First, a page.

Warily, he replied with a sound that was half word, half dry cough. “Yeah.”
“This is Caroline.”
His lighter slid from his fingers and fell to the floor.
As if she needed to specify which Caroline. As if she needed to jog his memory.
After a long moment, she said, “Are you still there?”
He sucked tobacco smoke into his lungs and exhaled as he said, “Yeah. Yeah.” To prove to himself that the call wasn’t part of a dream, he stood up and took a few steps away from the bed. But because his legs were so shaky, he backed up and sat down again on the sagging mattress.
“Fair to say that you’re surprised to hear from me?”
“Yeah.” That seemed to be the only word he was capable of uttering. How many Yeahs did that make now? Four? Five?
“I apologize for the hour,” she said. “It’s late here, and I realize it’s an hour later in Atlanta. I mean, I assume you’re still in Atlanta.”
“How are you? Are you well?”
“Yeah.” Shit! Had he forgotten the language? Find some other words for crissake! “Uh, I’m okay. You know. Okay.”
He was okay except for a total brain shutdown, a heart rate that had shot off the charts, and a sudden inability to breathe. He groped for the ashtray among the clutter on his night stand and laid the cigarette it in.
“That’s good,” she said. “I’m glad to hear it.”
Then neither of them said anything for so long that the silence took on sound.
Finally she said, “Dodge, I never would have bothered you if not for. . .I would never ask you for anything. I imagine you know that. But this is vitally important. Urgent.”
Jesus. She was sick. She was dying. She needed a liver, a kidney, his heart.
Plowing his fingers up through his hair, he cupped his forehead in his palm and, dreading the answer, asked, “What’s the matter? Are you sick?”
“Sick? No, no. Nothing like that.”
Relief made him weak. Then he got angry, because – just like that – he’d become emotionally invested. To counter his stupid susceptibility, he asked impatiently, “Then why are you calling me?”
“I have a situation here that I don’t know how to handle.”
“What kind of trouble?”
“Can you come?”
“To Houston?” A place to which he swore he would never return. “What for?”
“Will you come?”
Her stubborn refusal to answer a simple question pissed him off. “Probably not.”
A hostile silence quivered between them. He picked up his cigarette again, inhaled deeply, blew it out. He wanted to hang up on her. Wished he would. Wished he could.
Quietly she said, “It was wrong of me to call you. I understand your reluctance to become involved. Truly I do.”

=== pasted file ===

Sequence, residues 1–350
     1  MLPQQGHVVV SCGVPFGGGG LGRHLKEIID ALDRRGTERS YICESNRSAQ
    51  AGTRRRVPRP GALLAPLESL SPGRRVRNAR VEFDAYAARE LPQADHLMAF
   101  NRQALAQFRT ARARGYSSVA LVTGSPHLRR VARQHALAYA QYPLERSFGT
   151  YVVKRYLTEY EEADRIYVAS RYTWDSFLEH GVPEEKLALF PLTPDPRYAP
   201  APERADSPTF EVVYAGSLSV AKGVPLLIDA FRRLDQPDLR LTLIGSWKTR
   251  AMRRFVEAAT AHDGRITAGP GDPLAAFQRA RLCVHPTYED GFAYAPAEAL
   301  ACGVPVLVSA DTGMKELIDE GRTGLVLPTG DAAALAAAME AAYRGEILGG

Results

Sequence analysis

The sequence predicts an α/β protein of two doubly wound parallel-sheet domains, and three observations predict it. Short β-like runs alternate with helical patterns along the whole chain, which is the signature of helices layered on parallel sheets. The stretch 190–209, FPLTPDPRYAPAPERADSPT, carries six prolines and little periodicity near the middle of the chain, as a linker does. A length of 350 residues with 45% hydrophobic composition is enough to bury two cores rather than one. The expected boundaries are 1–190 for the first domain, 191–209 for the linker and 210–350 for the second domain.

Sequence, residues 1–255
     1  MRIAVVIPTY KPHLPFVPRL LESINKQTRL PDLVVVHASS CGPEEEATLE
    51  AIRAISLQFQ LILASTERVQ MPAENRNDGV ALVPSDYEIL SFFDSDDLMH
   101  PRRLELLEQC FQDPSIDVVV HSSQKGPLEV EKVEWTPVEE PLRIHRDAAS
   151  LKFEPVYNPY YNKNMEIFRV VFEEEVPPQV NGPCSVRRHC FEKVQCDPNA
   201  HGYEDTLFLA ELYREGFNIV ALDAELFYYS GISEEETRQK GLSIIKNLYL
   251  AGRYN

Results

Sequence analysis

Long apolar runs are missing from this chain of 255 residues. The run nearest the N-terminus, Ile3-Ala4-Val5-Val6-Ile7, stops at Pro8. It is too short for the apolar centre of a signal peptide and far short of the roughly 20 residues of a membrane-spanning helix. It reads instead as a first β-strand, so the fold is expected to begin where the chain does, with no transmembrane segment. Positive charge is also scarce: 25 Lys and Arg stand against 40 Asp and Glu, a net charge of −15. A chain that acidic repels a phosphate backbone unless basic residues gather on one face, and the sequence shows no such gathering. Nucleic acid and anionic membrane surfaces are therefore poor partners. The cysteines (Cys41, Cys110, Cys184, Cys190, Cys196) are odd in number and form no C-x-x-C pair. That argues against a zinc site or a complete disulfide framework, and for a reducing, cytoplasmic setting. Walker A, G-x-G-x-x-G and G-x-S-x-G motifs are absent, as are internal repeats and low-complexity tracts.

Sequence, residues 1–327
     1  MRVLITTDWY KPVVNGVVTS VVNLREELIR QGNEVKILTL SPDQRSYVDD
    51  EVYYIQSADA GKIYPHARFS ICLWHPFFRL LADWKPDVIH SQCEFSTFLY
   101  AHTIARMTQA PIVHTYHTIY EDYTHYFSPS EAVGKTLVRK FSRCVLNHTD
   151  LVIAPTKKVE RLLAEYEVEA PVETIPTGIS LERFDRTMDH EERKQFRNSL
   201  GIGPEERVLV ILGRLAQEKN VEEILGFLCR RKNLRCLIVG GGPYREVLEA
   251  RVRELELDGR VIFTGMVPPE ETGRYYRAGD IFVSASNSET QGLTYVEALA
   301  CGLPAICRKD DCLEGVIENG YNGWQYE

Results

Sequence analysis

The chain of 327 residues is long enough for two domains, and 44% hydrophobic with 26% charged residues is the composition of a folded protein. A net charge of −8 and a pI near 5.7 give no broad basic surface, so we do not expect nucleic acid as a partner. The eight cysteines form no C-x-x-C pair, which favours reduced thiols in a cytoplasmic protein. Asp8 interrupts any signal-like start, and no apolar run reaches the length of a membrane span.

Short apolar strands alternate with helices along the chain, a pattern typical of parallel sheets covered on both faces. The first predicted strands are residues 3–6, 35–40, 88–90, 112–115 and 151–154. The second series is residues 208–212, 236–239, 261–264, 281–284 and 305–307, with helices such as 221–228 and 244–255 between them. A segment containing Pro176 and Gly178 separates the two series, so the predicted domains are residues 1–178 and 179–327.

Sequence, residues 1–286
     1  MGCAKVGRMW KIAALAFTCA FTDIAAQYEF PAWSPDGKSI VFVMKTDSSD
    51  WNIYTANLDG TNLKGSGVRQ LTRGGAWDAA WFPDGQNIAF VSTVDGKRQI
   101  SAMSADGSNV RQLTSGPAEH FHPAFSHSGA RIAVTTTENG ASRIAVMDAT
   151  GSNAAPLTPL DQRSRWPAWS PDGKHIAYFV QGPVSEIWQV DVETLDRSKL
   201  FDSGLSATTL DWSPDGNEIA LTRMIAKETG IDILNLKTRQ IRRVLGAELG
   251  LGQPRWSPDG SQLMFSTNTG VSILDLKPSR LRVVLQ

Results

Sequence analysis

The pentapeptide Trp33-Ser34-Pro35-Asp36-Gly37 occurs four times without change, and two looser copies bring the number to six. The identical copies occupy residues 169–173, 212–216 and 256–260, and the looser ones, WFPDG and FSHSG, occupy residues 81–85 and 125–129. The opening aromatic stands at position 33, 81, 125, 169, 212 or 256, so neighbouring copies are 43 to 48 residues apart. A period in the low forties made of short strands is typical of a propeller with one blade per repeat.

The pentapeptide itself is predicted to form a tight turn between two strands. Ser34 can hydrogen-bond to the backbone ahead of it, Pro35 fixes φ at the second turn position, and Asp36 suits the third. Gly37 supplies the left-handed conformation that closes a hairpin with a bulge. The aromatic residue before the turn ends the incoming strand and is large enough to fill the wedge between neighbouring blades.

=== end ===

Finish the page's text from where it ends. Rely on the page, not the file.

“Well, what did you expect, Caroline?”
“I don’t know what I expected. I acted on impulse without thinking it through.”
“You call me in the middle of the freakin’ night. You tell me shit, but I’m supposed to drop everything and coming running to get you out of some kind of unspecified trouble?” He paused for effect, then said snidely, “Wait. Why is this sounding familiar to me? Is this sounding familiar to you?”
She responded exactly as he expected her to: with pique. “I’m not asking you to help me, Dodge.”
“Well good. Because — ”
“It’s Berry who’s in trouble.”
“Brace yourself for exhilarating twists and turns in this gripping tale of obsession, murder and the fragile nature of relationships…” — Fresh Fiction
“While Merritt County Sheriff’s Deputy Ski Nyland is no slouch, the relentlessly ruthless Dodge plays the most crucial role in the effort to stop the bad guy. Brown fans will want to see more of the irresistible Dodge.” — Publisher’s Weekly (6/28/2010)
“Brown doesn’t disappoint…gifting sweltering readers with an equally steamy tale of obsession, love and terror.” — Joy Tipping, Dallas Morning News (8/2010)
A Note From Sandra
Often I’m asked by fans as well as publishers if I would consider writing a series. The answer is “No.”
The reason is twofold: I’m not interested, and I’m not smart enough. Knowing the limits of my attention span, I can’t imagine writing book after book about the same character or group of characters without become bored, and, consequentially, stale. To make each story fresh for readers, the series writer must be incredibly inventive, creating adventures both real and psychological for their character, while maintaining a common thread from book to book.
Me? I like starting from scratch each time. New story. New character. Now, forget everything I just said. Because in TOUGH CUSTOMER, I carried over a character from SMASH CUT, something I haven’t done since the late 80’s. Check your calendar. That’s more than 25 years ago!
Dodge Hanley appeared in SMASH CUT as the private investigator for a criminal law firm and ended up being too interesting a character for me to leave alone. He’s world-wise, world-weary, a card carrying cynic with nasty habits and language both droll and profane. I simply had to know what had made him that way. Was he born with a jaundiced outlook on life? Had that callosity developed over time, or had it been caused by some pivotal event in his past? In TOUGH CUSTOMER I plunge Dodge into a present day crisis that forces him to confront decisions he made thirty years earlier and which dictated the rocky path his life would take. I weave the past story into that of the present. In action, Dodge is fascinating to watch, but he’s hardly standard issue “hero” material. So, joining him in this story is Ski Nyland, a taciturn Texas sheriff who tries his best to keep Dodge in line, while also coming to admire the older man’s no-nonsense approach to getting the bad guy.
Also key to the story is the love (yes, love) of Dodge’s life, Caroline King, and her fiery daughter Berry, who’s being victimized by a psychopathic coworker turned stalker. Set in deep East Texas, with a turning-point scene taking place in The Big Thicket National Preserve, the story has plenty of action and a surprise twist ending. But at the heart of the story is a flawed man who’s willing to die in order to atone for his past mistakes.